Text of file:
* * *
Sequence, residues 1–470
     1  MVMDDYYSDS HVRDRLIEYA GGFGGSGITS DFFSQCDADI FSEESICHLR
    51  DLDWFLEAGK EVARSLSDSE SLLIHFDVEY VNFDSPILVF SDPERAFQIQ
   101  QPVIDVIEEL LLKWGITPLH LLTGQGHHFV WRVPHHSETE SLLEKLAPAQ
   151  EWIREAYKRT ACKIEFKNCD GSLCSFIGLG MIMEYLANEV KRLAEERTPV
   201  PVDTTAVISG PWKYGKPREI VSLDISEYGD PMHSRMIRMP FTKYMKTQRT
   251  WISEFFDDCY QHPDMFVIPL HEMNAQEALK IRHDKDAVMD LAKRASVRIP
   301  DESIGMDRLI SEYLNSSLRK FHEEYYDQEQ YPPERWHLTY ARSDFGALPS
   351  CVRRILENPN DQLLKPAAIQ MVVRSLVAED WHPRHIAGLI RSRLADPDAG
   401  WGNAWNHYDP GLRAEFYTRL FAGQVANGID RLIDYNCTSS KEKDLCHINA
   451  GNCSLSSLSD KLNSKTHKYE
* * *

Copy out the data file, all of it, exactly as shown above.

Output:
Sequence, residues 1–470
     1  MVMDDYYSDS HVRDRLIEYA GGFGGSGITS DFFSQCDADI FSEESICHLR
    51  DLDWFLEAGK EVARSLSDSE SLLIHFDVEY VNFDSPILVF SDPERAFQIQ
   101  QPVIDVIEEL LLKWGITPLH LLTGQGHHFV WRVPHHSETE SLLEKLAPAQ
   151  EWIREAYKRT ACKIEFKNCD GSLCSFIGLG MIMEYLANEV KRLAEERTPV
   201  PVDTTAVISG PWKYGKPREI VSLDISEYGD PMHSRMIRMP FTKYMKTQRT
   251  WISEFFDDCY QHPDMFVIPL HEMNAQEALK IRHDKDAVMD LAKRASVRIP
   301  DESIGMDRLI SEYLNSSLRK FHEEYYDQEQ YPPERWHLTY ARSDFGALPS
   351  CVRRILENPN DQLLKPAAIQ MVVRSLVAED WHPRHIAGLI RSRLADPDAG
   401  WGNAWNHYDP GLRAEFYTRL FAGQVANGID RLIDYNCTSS KEKDLCHINA
   451  GNCSLSSLSD KLNSKTHKYE